Source: Travel mania / Shutterstock.com
International business requires careful attention to laws and regulations, even if the product itself is legitimate and legal. Just because a sale is legal in theory doesn’t mean it won’t be subject to a number of checks and paperwork requirements. Customs officials can reject a package or cargo container if it is missing a single piece of paperwork, possibly costing you thousands of dollars or entirely losing the product.
- Trade compliance describes the overarching needs of companies to follow international export and import laws.
- Trade compliance is about how a shipment is handled and who it is sent to, just as much as it is about the contents.
- Some responsibilities are the buyers, but the bulk of the paperwork responsibilities fall on the seller.
Trade compliance is the practice of remaining fully in accordance with regulations by keeping every aspect of your imports and exports under close control. Every step in the import and export process needs to be monitored and adjusted regularly to reassure customs officials that your business is legitimate.
Parts of Trade Compliance
The parts of trade compliance include the what, who, when, where and how of shipping. The package contents are only a small part of the process, and the recipients and senders must be as carefully accounted for as the contents.
Packaging is another big part of trade compliance. For example, shipping barrels must be up to international shipping standards. In addition to risking damage, any failure to properly secure goods can result in rejection at the border.
To ensure each of these parts of trade compliance is carried out consistently, training must also be a key part of your trade compliance strategy for exporters and importers. Training lower-level staff on trade compliance can help them catch errors when they occur, even if those particular staff aren’t usually handling international orders themselves.
Source: Syda Productions / Shutterstock.com
The seller is responsible for all export procedures and providing paperwork that verifies the authenticity of the items for import procedures. The seller must use approved materials handling methods and storage, such as safety cans for flammable materials.
Some of the seller’s responsibilities depend on the delivery terms under Incoterms or the international commercial terms. In many cases, the buyer is responsible for accounting for and paying all duties and fees when the package reaches the destination country’s customs facility, but this falls onto the seller for some Incoterms.
Incoterms are agreed on between the seller and buyer to determine financial responsibilities and liability at certain points along the shipping route. However, most customs authorities don’t care which party handles the customs fees as long as they are paid on time.
The buyer is responsible for ensuring that they, as an entity, are legally allowed to receive the import. Some countries may only allow the importation of dangerous goods to fully licensed individuals. Although the seller should take good-faith measures to make sure the recipient is licensed, it is usually considered the buyer’s responsibility to keep themselves in compliance.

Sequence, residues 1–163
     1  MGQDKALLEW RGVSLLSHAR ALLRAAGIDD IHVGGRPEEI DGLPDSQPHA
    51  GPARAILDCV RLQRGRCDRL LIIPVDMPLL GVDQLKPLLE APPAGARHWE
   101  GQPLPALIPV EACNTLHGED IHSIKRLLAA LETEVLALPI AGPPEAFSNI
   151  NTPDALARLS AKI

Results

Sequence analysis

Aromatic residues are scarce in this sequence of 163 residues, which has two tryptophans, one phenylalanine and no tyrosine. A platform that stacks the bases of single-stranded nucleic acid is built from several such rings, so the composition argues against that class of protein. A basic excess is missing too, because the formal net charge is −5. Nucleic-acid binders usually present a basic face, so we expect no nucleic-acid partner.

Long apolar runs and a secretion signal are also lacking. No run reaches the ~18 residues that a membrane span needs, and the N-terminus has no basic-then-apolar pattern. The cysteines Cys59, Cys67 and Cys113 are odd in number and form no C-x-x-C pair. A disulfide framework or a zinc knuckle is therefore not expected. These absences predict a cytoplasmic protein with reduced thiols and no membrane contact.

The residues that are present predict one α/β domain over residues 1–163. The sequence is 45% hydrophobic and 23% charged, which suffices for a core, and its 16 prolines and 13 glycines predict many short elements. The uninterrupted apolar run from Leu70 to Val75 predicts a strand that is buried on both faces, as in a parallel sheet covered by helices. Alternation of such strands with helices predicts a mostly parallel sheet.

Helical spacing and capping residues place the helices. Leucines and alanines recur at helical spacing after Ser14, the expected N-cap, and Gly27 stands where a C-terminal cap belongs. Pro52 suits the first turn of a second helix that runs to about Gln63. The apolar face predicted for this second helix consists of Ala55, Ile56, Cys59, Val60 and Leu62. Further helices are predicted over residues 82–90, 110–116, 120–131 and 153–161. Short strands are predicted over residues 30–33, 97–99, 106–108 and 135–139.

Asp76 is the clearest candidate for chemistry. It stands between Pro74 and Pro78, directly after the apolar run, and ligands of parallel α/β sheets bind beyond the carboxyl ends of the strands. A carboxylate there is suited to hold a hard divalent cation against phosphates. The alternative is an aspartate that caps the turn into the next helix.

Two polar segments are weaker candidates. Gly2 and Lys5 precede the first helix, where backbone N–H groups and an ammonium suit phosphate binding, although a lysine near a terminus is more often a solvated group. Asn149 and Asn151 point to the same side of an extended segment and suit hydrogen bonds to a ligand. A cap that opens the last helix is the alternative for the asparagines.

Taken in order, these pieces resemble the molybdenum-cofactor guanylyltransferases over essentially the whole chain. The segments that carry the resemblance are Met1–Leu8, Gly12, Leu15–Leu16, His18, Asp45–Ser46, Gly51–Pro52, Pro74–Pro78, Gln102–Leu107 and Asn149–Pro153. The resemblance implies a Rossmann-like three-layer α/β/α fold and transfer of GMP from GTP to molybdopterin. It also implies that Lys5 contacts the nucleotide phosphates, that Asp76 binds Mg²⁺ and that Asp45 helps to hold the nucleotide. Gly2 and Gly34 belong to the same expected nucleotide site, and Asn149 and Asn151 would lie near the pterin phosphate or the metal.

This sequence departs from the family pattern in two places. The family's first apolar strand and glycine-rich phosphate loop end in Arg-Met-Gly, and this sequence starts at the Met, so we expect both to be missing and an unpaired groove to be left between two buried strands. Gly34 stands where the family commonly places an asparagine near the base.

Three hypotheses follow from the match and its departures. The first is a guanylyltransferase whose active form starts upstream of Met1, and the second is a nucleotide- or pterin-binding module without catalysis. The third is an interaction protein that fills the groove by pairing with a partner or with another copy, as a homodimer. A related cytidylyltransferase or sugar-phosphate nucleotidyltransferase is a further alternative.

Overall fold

It is also the buyer’s responsibility to inspect the goods and arrange disposal of packaging and any damaged goods. Although the seller may assist with reverse logistics and return of unused goods or reusable packaging, the responsibility is ultimately the buyer’s to handle in accordance with the laws of their country.
Source: Yeexin Richelle / Shutterstock.com
Changes in Import and Export Rules
Unfortunately, shifts in import regulations are common, even for standard consumer goods. A country’s political atmosphere may shift at any time, causing a stronger protectionist view that drives up tariffs to protect domestic manufacturing.
Export regulations are less subject to changes but may still change in response to shortages or political disagreements with other countries. They may also evolve to match import regulations, especially with regards to safe shipping materials and handling.
Produce, lumber and hazardous material export requirements are somewhat more subject to change. This is largely because of changing risks ranging from plant diseases and insects to improvements in scientific understandings of fire risks. In any industry, it’s vital for both the buyer and the seller to stay up-to-date on changes affecting themselves and others.
Why Is Trade Compliance Important?
Depending on the severity of the infraction, penalties for trade compliance violations can be enough to put you out of business. Although minor infractions may only cost a few thousand dollars in fines, larger cases involving trade with banned countries have racked up tens of millions of dollars in fines.
A serious accident or high-profile trade compliance incident can damage your industry reputation. Although the average consumer might not know or care, larger clients may shy away from you in the future. This damage to your reputation could be more devastating than a fine or other temporary dip in your profits.
Small Business Packaging
Air Sea Containers knows the importance of hazmat labels and packaging for small businesses. We provide bulk packaging products in quantities optimized for small businesses and stock the tools and eco-friendly supplies you need. Contact us today for custom quotes and answers to any questions you have.